Compartmentalization and segmentation are other things that security pros talk about often; if someone from HR has no need whatsoever to access information in, say, engineering or finance, there should be controls in place, but more importantly, why should they be able to access it at all?  I've seen a lot of what I call "bolt-on M&As", where a merger and acquisition takes place and fat pipes with no controls are used to connect the two organizations.  What was once two small, flat networks is now one big, flat network, where someone in marketing from company A can access all of the manufacturing docs in company B.

The US Navy understands compartmentalization very well; this is why the bulkheads on Navy ships go all the way to the ceiling.  In the case of a catastrophic failure, where flooding occurs, sections of the ship can be shut off from access to others.  Consider the fate of the USS Cole versus that of the Titanic. 'Nuff said!

Sometimes, the military examples strike too close to home.  I've been reading Ben MacIntyre's Rogue Heroes, a history of the British SAS.  In the book, the author describes the preparation for a raid on the port of Benghazi, and that while practicing for the raid in a British-held port, a sentry noticed some suspicious activity, to which he was informed, in quite colorful language, to mind his own business.  And he did.  According to the author, this was later repeated at the target port on the night of the raid...a sentry aboard a ship noticed something going on and inquired, only to be informed (again, in very colorful language) that he should mind his own business.  I've seen a number of incidents where this very example has fact, I've seen it many times, particularly during targeted adversary investigations.  During one particular investigation, while examining several systems, I noticed activity indicative of an admin logging into the system (during regular work hours, and from the console), and 'seeing' the adversary's RAT on the system and removing it. Okay, I get that the admin might not be familiar with the RAT and would just remove it from a system, but when they do the same thing on a second system, and then failed to inform anyone of what they'd seen or done, there's no difference between those actions, and what the SAS troopers had encountered in the African desert.

I recently ran across this WPScans blog post, which discusses finding PHP and Wordpress "backdoors" using a number of methods.  I took the opportunity to download the archive linked at the end of the blog post, and ran a Yara rule file I've been maintaining across it, and got some interesting hits.

The Yara rule file I used started out as a collection of rules pulled in part from various rules found online (DarkenCode, Thor, etc.), but over time I have added rules (or modified existing ones) based on web shells I've seen on IR engagements, as well as shells others have seen and shared with me.  For those who've shared web shells with me, I've shared either rules or snippets of what could be included in rules back with them.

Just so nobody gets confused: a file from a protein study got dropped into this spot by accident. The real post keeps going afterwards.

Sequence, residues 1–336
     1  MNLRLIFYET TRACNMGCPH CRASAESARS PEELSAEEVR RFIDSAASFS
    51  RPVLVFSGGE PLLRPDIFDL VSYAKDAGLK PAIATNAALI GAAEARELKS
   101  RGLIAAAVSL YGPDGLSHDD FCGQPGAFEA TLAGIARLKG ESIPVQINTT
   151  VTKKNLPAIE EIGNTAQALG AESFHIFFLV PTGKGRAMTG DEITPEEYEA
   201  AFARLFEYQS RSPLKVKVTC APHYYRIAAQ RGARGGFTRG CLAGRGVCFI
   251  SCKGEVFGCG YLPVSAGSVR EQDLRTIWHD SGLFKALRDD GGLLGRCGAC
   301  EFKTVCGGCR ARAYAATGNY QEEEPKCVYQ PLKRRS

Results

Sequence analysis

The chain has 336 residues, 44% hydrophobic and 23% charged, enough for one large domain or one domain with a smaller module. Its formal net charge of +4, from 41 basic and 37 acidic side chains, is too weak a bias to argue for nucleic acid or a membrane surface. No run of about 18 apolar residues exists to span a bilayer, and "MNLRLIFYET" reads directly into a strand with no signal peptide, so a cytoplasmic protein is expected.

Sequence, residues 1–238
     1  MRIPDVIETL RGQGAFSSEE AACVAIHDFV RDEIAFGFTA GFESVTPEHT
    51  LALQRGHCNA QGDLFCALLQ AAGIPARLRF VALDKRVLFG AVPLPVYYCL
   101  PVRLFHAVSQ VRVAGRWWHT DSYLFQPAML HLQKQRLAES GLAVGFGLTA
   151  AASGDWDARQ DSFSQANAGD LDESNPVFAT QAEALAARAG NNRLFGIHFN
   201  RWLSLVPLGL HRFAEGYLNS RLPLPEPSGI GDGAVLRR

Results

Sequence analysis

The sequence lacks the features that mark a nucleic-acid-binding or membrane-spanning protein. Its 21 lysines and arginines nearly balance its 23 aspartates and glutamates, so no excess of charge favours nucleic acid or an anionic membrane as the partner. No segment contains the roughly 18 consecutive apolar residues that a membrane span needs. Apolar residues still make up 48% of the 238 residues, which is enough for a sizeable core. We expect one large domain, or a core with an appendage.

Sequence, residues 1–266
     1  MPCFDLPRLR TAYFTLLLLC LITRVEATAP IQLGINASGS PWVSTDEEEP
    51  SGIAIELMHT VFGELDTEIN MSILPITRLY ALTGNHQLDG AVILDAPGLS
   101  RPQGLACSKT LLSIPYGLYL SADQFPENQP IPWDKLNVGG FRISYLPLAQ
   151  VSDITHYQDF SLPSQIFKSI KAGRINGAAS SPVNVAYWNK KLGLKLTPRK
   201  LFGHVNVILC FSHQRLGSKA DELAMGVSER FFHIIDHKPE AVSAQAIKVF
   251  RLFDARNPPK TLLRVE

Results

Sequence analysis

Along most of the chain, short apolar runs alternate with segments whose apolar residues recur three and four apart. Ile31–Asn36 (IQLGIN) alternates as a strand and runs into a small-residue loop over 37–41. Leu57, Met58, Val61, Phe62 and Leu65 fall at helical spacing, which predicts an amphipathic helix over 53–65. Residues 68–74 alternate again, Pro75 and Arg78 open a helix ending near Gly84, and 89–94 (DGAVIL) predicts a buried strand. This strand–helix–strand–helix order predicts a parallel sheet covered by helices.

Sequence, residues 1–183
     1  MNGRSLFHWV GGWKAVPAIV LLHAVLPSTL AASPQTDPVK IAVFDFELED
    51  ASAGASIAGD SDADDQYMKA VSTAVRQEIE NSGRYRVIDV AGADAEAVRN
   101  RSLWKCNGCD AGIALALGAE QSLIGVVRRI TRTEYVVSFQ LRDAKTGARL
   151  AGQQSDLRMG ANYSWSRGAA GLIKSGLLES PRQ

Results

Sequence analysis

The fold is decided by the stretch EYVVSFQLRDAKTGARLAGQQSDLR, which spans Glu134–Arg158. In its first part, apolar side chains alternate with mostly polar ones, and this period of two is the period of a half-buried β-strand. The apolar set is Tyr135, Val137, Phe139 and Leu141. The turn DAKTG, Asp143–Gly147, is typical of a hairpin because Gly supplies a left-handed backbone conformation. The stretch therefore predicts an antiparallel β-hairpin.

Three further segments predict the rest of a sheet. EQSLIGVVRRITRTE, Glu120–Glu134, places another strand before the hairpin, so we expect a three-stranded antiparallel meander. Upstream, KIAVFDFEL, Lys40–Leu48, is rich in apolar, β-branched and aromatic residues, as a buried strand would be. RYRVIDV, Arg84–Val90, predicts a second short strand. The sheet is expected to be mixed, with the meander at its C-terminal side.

So, the moral of the story is that when finishing up a DFIR engagement, look for those things from that engagement that you can "bake back into" your tools (RegRipper, Yara rules, EDR filters, etc.) and analysis processes.  This is particularly valuable if you're working as part of a team, because the entire team benefits from the experience of one analyst.

Additional Resources:
DFIR.IT - Webshells

I made some updates recently to a couple of tools...

I got some interesting information from a RegRipper user who'd had an issue with the plugin on Windows 10.  Thanks to their providing sample data to work with, I was (finally) able to dig into the data and figure out how to address the issue in the code.

I also updated the and plugins, based on input from a user.  It's funny, because at least one of those plugins hadn't been updated in a decade.

I added an additional event mapping to the eventmap.txt file, not due to any new artifacts I'd seen, but as a result of some research I'd done into errors generated by the TaskScheduler service, particularly as they related to backward compatibility.

All updates were sync'd with their respective repositories.


Brett Shavers said...

I always find it amusing to hear non-military folks use military terms to describe what they do at their non-military work, when they have no idea of the context and purpose.

However, if security folks use principles that have been done for hundreds of years, they can say it however they want (You can be Rambo! You can be Rambo! We can all be Rambo!). Still, it's cute to hear someone in DFIR talk up their job being in the Marines when they have never worn the EGA.

H. Carvey said...


My favorite is, "...I was gonna join the Marines..."

Unknown said...

Harlan, thanks. As always, your posts are great.
I also find it useful to write YARA at the end of an engagement. Actually, a friend of mine just found a password dumper with a rule he wrote 3 years ago.

I do have a question. How do you use your event mapping file? As a reference only?

Unknown said...

The world is full of was gonna and should of.

Good article.